Filming location for spaghetti westerns in Almería, Spain

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© 1987-2016
Scott Larson





Building façade in Cannes, France

From boob to You(Tube)

I know I am stating the obvious here, but what a great thing YouTube and other video posting sites are.

Not only are they a way for people to share individual video creations on the internet—the same way they share opinions, photos and family trees—but they have turned out to be a way to make obscure video literature available to anybody looking for it or to release videos and short movies that, for whatever reason, are not commercial enough to be screened in cinemas or released as DVDs. Not only do they approach the “video on demand” promised years ago by software, cable and satellite companies, but they are an alternative to cable and satellite and terrestrial broadcasting. They represent the narrowest of narrowcasting. The model supports (and I’m sure it has happened) literally one person making a video for viewing by literally one other person. Try getting a project with those audience dynamics greenlighted by a major studio.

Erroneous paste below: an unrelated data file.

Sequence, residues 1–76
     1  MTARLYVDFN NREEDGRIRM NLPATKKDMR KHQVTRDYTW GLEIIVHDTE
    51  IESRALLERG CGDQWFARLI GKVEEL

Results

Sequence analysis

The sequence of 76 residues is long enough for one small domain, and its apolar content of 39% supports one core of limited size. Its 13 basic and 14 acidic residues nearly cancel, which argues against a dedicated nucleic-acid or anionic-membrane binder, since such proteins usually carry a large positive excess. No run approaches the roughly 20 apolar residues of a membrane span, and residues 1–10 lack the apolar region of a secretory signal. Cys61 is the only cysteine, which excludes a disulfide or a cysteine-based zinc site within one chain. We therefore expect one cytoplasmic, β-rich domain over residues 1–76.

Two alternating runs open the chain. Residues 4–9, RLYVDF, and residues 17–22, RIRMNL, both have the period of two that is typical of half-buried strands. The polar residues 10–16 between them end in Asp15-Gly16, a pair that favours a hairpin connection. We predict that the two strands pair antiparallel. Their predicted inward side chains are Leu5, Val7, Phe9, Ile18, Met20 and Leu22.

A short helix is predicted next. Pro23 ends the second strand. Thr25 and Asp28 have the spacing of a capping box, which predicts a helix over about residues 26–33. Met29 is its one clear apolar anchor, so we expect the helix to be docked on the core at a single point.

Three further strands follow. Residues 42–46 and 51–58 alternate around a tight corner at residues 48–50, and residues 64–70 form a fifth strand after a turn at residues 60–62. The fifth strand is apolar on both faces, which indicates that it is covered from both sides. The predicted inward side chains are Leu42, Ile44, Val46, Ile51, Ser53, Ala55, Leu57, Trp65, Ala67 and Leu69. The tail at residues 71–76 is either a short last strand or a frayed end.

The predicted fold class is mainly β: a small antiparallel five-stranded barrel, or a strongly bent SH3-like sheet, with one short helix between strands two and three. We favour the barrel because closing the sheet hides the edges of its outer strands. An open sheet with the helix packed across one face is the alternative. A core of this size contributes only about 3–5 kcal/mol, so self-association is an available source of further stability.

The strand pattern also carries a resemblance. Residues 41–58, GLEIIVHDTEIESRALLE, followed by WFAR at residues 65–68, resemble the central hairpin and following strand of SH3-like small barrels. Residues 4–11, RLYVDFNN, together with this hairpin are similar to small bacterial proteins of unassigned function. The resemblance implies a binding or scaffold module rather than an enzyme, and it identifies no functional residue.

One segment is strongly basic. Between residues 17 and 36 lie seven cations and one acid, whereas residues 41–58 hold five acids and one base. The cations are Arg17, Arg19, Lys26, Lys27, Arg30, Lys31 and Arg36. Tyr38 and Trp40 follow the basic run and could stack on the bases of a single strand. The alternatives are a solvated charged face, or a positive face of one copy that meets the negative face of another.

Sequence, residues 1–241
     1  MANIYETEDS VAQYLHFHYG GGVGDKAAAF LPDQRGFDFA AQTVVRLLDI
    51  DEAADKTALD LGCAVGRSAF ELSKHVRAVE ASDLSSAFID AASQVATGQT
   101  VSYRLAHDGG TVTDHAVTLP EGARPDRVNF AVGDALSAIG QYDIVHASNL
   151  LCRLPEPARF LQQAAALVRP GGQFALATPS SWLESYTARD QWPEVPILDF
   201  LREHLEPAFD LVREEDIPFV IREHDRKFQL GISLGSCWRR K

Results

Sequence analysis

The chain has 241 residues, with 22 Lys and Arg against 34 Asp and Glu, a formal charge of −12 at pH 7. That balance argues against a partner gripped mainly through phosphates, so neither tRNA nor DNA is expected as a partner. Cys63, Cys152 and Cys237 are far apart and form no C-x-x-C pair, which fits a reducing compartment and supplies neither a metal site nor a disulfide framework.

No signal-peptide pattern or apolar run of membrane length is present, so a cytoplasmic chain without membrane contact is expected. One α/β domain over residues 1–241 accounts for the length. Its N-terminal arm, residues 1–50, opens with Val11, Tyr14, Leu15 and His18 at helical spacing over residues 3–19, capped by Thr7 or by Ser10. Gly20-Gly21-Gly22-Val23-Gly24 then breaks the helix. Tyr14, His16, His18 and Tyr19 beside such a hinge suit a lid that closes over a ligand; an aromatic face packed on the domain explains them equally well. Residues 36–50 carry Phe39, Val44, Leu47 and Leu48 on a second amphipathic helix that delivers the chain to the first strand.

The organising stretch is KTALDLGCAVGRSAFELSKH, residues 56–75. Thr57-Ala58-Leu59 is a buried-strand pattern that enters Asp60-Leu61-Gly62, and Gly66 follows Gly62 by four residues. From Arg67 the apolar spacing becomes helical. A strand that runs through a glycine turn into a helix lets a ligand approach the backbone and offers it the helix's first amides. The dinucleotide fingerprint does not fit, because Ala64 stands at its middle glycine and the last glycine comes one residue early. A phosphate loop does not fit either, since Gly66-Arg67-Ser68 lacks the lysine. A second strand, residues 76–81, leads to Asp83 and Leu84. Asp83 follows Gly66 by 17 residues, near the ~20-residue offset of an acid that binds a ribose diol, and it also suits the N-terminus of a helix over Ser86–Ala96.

The sticky problem for YouTube and its ilk has always been intellectual property rights. It’s all right for somebody taping himself playing a song he wrote himself on his own guitar in his own bedroom. But some of the most interesting stuff online has always been snippets from movies and classic TV shows. If there has been a must-see moment recently on the airwaves, you can usually find it and watch it without too much trouble. There has always been something passive/aggressive about the relationship between the studios and the people who upload snatches of TV programs. In some cases, it seems to be tolerated because it builds interest in the TV show, working somewhat like a commercial. But, other times, the studios get tough and have uploads yanked—as has happened in the case of The Daily Show—for fear that it becomes a way of watching the show, or the best parts of it, and bypassing advertisers and Nielsen ratings. And that leads to web sites like Hulu, which legally stream TV shows and movies, along with advertising. It’s a way of watching TV on demand rather than having to make an appointment with your TV set or remembering to program your TiVo or VCR. (Come to think of it, does anybody record with VCRs anymore?)

One thrill for me personally has been to find that someone has been posting old episodes of Dark Shadows on YouTube. I have serious doubts about the legality of this, but nobody has forced them off yet. Besides, they are not the whole episodes. What the person has done is cut each one down to about ten minutes, mainly by eliminating duplicate material (long stretches of scenes at the end of one episode were often repeated at the beginning of the next—and this even happened to some extent, as well, around commercial breaks), boring or repetitive bits and (of course) the commercial breaks. In the early days, they really dragged out the action in the series, keeping the pace downright glacial. Cutting them down to ten minutes works out about right.